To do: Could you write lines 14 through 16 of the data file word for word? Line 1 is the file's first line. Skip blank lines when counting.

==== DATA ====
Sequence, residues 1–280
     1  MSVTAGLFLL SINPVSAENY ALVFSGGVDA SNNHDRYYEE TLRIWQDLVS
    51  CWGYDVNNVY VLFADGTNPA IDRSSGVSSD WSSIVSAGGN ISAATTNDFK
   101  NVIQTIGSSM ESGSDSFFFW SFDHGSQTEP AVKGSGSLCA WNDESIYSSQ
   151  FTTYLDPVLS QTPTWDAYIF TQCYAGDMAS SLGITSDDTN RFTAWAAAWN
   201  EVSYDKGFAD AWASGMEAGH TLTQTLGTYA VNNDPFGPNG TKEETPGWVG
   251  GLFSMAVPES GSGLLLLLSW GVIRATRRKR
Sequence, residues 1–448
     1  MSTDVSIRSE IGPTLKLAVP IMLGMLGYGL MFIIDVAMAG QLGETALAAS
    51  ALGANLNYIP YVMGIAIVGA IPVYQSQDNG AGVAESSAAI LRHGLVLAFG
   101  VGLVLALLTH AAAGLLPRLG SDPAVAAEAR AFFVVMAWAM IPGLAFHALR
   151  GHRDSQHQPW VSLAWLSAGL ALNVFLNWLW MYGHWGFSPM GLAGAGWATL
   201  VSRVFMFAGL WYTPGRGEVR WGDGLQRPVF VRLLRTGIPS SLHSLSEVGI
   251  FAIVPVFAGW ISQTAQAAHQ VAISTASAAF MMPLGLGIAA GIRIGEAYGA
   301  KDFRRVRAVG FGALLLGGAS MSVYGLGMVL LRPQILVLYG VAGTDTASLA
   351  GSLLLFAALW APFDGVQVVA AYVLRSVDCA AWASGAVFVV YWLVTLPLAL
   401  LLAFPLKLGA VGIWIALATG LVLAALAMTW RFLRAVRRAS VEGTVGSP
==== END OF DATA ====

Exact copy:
   251  FAIVPVFAGW ISQTAQAAHQ VAISTASAAF MMPLGLGIAA GIRIGEAYGA
   301  KDFRRVRAVG FGALLLGGAS MSVYGLGMVL LRPQILVLYG VAGTDTASLA
   351  GSLLLFAALW APFDGVQVVA AYVLRSVDCA AWASGAVFVV YWLVTLPLAL